During his stay in Chicago, he met with representatives of the Lyon & Healy firm, which was quite eager to sell instruments from his collection. Partello was not completely adverse to this idea as he thought he might be able to get a good price for the instruments in the U.S. and use that money to buy even better instruments when he returned to Europe.  

In a letter published in The Violin Times on June 15, 1894, Partello claimed that he had agreed in principle to let Lyon & Healy sell some instrument from his collection, starting with a small, late-period Nicolo Amati.  Partello set the price at $1,500 with the understanding that Lyon & Healy would retain a $250 commission. A few weeks later, Partello received a check from Lyon & Healy for $150 along with a letter stating that the instrument had been sold and that Partello would receive the balance of $1,100 as soon as the World’s Fair had ended and the instrument could be collected by its new owner.

Partello was pleased with the transaction until he heard from a third party that the instrument had been sold for $2,500, not $1,500, meaning that Lyon & Healy had pocketed not just $250, but $1,250. Disturbed by this, Partello decided not to sell any additional instruments through Lyon & Healy. For their part, Lyon & Healy felt that they had lived up to their part of the bargain, but that Partello, by withholding his other instruments, was not honoring his side of the agreement. In retaliation, Lyon & Healy refused to send Partello the balance of his money for the Amati. Partello then gave his daughter, Carita, power of attorney and she filed suit to collect the sums owed by Lyon & Healy.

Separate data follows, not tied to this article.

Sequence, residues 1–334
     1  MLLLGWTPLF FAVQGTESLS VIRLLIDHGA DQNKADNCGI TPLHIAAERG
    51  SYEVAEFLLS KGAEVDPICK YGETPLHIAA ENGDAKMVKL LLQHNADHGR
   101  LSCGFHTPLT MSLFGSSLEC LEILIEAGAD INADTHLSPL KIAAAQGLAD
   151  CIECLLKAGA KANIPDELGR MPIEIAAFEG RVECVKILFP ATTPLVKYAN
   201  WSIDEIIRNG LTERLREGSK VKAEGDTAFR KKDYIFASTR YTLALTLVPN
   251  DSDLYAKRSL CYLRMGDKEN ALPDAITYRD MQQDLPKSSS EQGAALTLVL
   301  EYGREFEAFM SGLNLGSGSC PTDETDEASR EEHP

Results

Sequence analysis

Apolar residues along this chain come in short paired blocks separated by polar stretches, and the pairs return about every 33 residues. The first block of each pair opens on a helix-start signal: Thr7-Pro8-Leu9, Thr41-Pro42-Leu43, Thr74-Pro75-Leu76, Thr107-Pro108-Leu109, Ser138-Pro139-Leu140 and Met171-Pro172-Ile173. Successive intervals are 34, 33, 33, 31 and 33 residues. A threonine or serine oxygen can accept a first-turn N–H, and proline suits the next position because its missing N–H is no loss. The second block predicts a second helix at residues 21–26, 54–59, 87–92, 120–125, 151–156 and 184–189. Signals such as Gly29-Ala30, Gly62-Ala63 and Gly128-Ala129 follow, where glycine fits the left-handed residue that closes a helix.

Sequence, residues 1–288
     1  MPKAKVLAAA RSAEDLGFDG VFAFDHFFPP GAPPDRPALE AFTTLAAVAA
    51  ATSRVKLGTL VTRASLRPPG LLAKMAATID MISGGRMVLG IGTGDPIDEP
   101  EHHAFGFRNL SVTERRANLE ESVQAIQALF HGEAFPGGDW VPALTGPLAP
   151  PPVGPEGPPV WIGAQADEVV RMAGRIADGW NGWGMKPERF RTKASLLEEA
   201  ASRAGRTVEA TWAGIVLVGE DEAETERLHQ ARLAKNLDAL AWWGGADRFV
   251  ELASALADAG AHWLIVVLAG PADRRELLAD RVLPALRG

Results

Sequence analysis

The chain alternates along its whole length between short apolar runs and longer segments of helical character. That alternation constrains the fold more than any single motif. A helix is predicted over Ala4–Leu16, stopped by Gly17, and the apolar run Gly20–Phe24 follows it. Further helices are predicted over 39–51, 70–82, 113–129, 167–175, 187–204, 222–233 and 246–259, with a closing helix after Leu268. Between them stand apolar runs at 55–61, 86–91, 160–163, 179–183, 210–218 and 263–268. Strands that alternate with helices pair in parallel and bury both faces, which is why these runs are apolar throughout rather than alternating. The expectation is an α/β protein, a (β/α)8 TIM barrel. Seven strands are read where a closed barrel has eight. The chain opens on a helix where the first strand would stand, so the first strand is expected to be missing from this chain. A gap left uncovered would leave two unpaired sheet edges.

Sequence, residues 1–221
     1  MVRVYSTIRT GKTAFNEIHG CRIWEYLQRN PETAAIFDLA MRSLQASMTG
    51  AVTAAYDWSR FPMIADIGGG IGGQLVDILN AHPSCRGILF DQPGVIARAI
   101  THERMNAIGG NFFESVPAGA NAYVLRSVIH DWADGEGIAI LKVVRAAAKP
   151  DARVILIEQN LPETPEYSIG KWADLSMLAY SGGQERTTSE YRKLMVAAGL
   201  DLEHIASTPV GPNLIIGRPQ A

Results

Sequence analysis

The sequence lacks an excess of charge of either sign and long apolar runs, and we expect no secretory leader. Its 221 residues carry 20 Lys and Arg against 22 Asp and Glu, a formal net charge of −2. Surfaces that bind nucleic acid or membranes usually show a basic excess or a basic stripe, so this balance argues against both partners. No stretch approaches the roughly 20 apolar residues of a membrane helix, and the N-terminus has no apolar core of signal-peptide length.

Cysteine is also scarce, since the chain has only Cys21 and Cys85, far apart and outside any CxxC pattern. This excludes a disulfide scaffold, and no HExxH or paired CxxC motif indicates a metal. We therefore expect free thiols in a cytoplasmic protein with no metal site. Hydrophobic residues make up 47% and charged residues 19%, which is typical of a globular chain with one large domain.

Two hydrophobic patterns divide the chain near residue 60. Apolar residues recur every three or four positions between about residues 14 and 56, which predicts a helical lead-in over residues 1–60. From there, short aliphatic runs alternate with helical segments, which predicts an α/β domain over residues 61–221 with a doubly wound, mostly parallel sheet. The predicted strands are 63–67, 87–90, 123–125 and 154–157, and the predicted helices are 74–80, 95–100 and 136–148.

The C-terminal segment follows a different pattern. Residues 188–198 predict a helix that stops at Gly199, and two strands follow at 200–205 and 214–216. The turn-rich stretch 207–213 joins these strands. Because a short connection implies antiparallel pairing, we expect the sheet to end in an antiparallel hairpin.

The suit dragged on for more than a year, but was eventually settled out of court when Partello returned to Chicago sometime in 1895. As part of the resolution, Partello wrote a letter to Lyon & Healy absolving them of any fault, and pinning most of the blame for the “misunderstanding” on his son-in-law, Louis Horst. The letter, along with a letter by Lyon & Healy, was published in the November 15, 1895 edition of The Violin Times.[4] The Lyon & Healy letter presents the case as follows:

“… suit was brought against Lyon & Healy in October, 1895, by Mr. Horst, claiming to represent Mr. Partello, which suit has been pending to the present day. . .Now, on October 28 [1894], Mr. Horst, son-in-law of Mr. Partello, called on Lyon & Healy and demanded that the full amount, less a small commission, be paid him for his principal, and threatened if his demands were not complied with he would not only hold the Amati, but would keep all the other instruments in the collection, among them a ‘Stradivarius’ for which Lyon and Healy had received an offer of 5,500 dollars.”